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High burden of invasive beta-haemolytic streptococcal infections in Fiji

Steer, A. C., Jenney, A. J. W., Oppedisano, F., Batzloff, M. R., Hartas, J., Passmore, J., Russell, F. M., Kado, J. H. H. and Carapetis, Jonathan R. (2008). High burden of invasive beta-haemolytic streptococcal infections in Fiji. Epidemiology and Infection,136(5):621-627.

Document type: Journal Article
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IRMA ID 10414xPUB53
Title High burden of invasive beta-haemolytic streptococcal infections in Fiji
Author Steer, A. C.
Jenney, A. J. W.
Oppedisano, F.
Batzloff, M. R.
Hartas, J.
Passmore, J.
Russell, F. M.
Kado, J. H. H.
Carapetis, Jonathan R.
Journal Name Epidemiology and Infection
Publication Date 2008
Volume Number 136
Issue Number 5
ISSN 0950-2688   (check CDU catalogue open catalogue search in new window)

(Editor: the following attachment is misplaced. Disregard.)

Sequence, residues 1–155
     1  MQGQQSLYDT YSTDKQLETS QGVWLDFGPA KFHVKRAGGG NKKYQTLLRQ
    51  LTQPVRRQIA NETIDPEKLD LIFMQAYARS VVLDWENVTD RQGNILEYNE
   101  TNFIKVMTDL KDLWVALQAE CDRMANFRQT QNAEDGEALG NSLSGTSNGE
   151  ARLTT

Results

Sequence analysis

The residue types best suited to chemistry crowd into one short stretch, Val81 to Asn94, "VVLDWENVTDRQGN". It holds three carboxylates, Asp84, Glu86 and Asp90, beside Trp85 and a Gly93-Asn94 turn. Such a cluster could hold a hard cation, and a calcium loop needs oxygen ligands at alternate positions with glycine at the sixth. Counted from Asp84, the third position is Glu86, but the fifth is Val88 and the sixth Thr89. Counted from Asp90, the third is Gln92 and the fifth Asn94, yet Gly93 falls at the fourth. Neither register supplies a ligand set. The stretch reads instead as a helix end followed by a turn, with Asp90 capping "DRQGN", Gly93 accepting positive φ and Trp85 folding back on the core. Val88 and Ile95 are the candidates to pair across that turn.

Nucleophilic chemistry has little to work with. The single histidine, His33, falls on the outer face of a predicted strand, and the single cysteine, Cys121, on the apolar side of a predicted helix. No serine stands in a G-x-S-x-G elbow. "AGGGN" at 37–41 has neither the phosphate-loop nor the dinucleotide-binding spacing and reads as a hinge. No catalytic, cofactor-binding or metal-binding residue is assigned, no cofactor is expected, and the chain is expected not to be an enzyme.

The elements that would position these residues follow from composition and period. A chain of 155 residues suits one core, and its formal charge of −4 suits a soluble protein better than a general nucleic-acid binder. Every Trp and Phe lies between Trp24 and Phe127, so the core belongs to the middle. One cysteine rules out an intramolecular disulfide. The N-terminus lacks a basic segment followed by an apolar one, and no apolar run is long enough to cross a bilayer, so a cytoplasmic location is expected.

Start Page 621
End Page 627
Total Pages 7
Place of Publication Cambride, U.K
Publisher Cambridge University Press
Field of Research 0605 - Microbiology
0799 - Other Agricultural and Veterinary Sciences
1108 - Medical Microbiology
HERDC Category C1 - Journal Article (DEST)
Abstract We undertook a 5-year retrospective study of group A streptococcal (GAS) bacteraemia in Fiji, supplemented by a 9-month detailed retrospective study of β-haemolytic streptococcal (BHS) infections. The all-age incidence of GAS bacteraemia over 5 years was 11.6/100 000. Indigenous Fijians were 4.7 times more likely to present with invasive BHS disease than people of other ethnicities, and 6.4 times more likely than Indo-Fijians. The case-fatality rate for invasive BHS infections was 28%. emm-typing was performed on 23 isolates: 17 different emm-types were found, and the emm-type profile was different from that found in industrialized nations. These data support the contentions that elevated rates of invasive BHS and GAS infections are widespread in developing countries, and that the profile of invasive organisms in these settings reflects a wide diversity of emm-types and a paucity of types typically found in industrialized countries.
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